pythonpython-3.xoop

How to design python class so that i can return a value instead of address when using just the instance name without dot?


I have a header file which describes the format of binary data stored. This file has fields like DTYPE for datatype, NMEMB for number of members, NFILE for number of files etc.

In python i am parsing the header and using class structure to easily access them later.

class Header:
    def __init__(self,path:str):
        self.DTYPE = foo1() #parsing DTYPE, typical value: '<f8'
        self.NMEMB = foo2() #parsing NMEMB, typical value: an integer
        self.NFILE = foo3() #parsing NFILE, typical value: an integer

Later in other files i can use it as

h = Header("\path\to\header.txt")
nfile = h.NFILE

The DTYPE has further substructures.

  • The first character represents endianness or byte order (< for little endian, > for big endian and = for machine endian).
  • The second character represent datatype (f for float, i for integer).
  • The third character represent byte width (f8 means 8-byte float or double, f4 means 4-byte float)

So to further access them, i used another class representation.

class _DTYPE:
    def __init__(self,dtype:str):     # input dtype = '<f8'
        self.rawString  = dtype       # get '<f8'
        self.endianness = dtype[0]    # get '<'
        self.character  = dtype[1]    # get 'f'
        self.bytewidth  = dtype[2]    # get '8'

class Header:
    def __init__(self,path:str):
        self.DTYPE = _DTYPE(foo1())   # foo1() returns '<f8'
        self.NMEMB = foo2()
        self.NFILE = foo3()

Later i use it as

h = Header("\path\to\header.txt")
char  = h.DTYPE.character    # returns 'f'
width = h.DTYPE.bytewidth    # returns '8'
raw   = h.DTYPE.rawString    # returns '<f8'

However, for better code structure i want to get the raw string with the following syntax for user.

raw  = h.DTYPE   # It returns reference to object. i want to get '<f8'. 

But python returns the address for _DTYPE object as expected like "<main._DTYPE object at 0x7f5742dcbe50>".

QUESTION Is it possible to wire python class in a way that if i don't use dot notation it should give me a value and if i use dot notation it should switch to class object and give me access to further subclass members?

This is possible in other languages like C#. Also python does similar behaviours internally, as everything in python is an object. For example say in a string.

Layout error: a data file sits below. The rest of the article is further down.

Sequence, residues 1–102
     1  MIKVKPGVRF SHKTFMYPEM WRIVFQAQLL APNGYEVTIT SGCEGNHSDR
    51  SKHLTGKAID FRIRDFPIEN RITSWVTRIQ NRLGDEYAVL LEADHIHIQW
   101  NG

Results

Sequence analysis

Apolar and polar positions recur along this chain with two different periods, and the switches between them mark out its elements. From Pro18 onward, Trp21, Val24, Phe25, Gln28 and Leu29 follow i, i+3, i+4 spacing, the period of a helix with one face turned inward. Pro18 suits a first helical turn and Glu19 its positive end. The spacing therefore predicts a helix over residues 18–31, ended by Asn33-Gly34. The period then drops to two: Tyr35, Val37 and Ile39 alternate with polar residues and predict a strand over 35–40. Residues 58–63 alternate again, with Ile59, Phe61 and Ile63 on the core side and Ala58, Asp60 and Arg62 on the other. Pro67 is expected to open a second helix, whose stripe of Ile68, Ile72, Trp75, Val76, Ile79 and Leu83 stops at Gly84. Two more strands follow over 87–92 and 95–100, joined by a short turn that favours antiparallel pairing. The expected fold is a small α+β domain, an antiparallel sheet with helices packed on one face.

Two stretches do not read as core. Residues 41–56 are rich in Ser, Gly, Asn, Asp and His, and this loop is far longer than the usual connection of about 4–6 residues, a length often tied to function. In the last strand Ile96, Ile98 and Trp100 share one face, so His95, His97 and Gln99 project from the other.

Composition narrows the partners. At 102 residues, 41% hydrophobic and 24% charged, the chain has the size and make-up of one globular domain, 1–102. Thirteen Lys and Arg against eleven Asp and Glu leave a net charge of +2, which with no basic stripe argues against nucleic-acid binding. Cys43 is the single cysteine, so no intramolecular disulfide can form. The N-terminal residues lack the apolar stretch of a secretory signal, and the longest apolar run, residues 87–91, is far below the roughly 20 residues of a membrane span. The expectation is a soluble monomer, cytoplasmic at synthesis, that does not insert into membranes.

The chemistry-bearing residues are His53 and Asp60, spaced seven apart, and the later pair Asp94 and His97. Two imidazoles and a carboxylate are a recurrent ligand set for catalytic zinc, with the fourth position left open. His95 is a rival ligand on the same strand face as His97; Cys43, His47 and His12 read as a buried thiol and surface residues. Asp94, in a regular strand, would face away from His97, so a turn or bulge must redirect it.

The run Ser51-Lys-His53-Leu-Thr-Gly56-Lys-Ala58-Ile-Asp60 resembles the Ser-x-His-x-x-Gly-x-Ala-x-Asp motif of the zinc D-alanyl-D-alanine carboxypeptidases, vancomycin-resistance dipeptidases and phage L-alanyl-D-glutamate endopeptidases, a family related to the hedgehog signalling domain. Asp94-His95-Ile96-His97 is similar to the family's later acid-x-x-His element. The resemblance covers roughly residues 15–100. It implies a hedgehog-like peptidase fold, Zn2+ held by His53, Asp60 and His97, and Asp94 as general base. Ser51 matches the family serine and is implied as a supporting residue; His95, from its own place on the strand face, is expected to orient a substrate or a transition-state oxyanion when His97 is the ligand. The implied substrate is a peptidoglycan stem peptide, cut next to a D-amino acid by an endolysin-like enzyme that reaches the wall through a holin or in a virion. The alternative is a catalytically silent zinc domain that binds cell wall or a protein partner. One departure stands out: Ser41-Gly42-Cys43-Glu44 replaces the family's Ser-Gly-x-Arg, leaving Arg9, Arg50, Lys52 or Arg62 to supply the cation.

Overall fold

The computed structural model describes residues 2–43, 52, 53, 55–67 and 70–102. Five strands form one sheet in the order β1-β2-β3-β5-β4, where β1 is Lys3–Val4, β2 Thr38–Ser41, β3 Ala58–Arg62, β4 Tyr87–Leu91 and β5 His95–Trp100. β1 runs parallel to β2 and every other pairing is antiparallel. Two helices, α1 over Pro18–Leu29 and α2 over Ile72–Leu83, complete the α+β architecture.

text="Some string"
a=text
b=text.upper()

Here i can use just text to get the value it holds (not reference to/address of some str object) and i can also use dot notation to access members of the str class instanced as text.

Is there any magic methods for this purpose? If not is it probable that they add this feature - "Give a magic method to return something instead of class address when not using dot."

Appreciate your help. Thanks for your time :)

EDIT 1: The suggested magic functions like __str__ or __repr__ only works for print() function. How to get that to a variable for further processing or what if i would like to return a integer when not using dot.

EDIT 2: for clarification, I want the user to only type syntax h.DTYPE to get the raw string as <f8 (first goal). Or if user wants, user can access further processed valued by using dot notation as h.DTYPE.character (second goal). The implementation i mentioned to use another class solved the second goal at the cost of first goal. The former syntax now returns address instead of raw text.


Solution

  • I'm going to paraphrase your question. If this is not what you seek, let me know.

    Problem:

    In some cases I would like to get an instance field value back when I reference the instance. I recognize that many time I want to get the address of the instance so I can reference members of the instance or copy it or what have you. Specifically, in certain situations, I would like:

    raw  = h.DTYPE
    

    To set raw to the value of a selected instance member rawString. However, it is also critical that I can still reference instance members like:

    raw  = h.DTYPE.rawString
    

    Solution:

    The way I would likely proceed is by overriding __call__(). This will allow you to do "something" if your instance variable is "called" as if were a method like:

    raw  = h.DTYPE()
    

    Here is a proof of concept:

    class _Dtype:
        def __init__(self,dtype:str):     # input dtype = '<f8'
            self.rawString  = dtype       # get '<f8'
            self.endianness = dtype[0]    # get '<'
            self.character  = dtype[1]    # get 'f'
            self.bytewidth  = dtype[2]    # get '8'
    
        def __call__(self):
            return self.rawString
    
    class Header:
        def __init__(self,path:str):
            self.DTYPE = _Dtype("<f8")
            self.NMEMB = "foo"
            self.NFILE = "bar"
    
    header = Header("")
    test = header.DTYPE()            ## <--- Calling your instance
    test2 = header.DTYPE.rawString   ## <--- Referencing your instance
    print(test, test2)
    

    This will set test and test2 to "<f8" and then print them giving you:

    <f8 <f8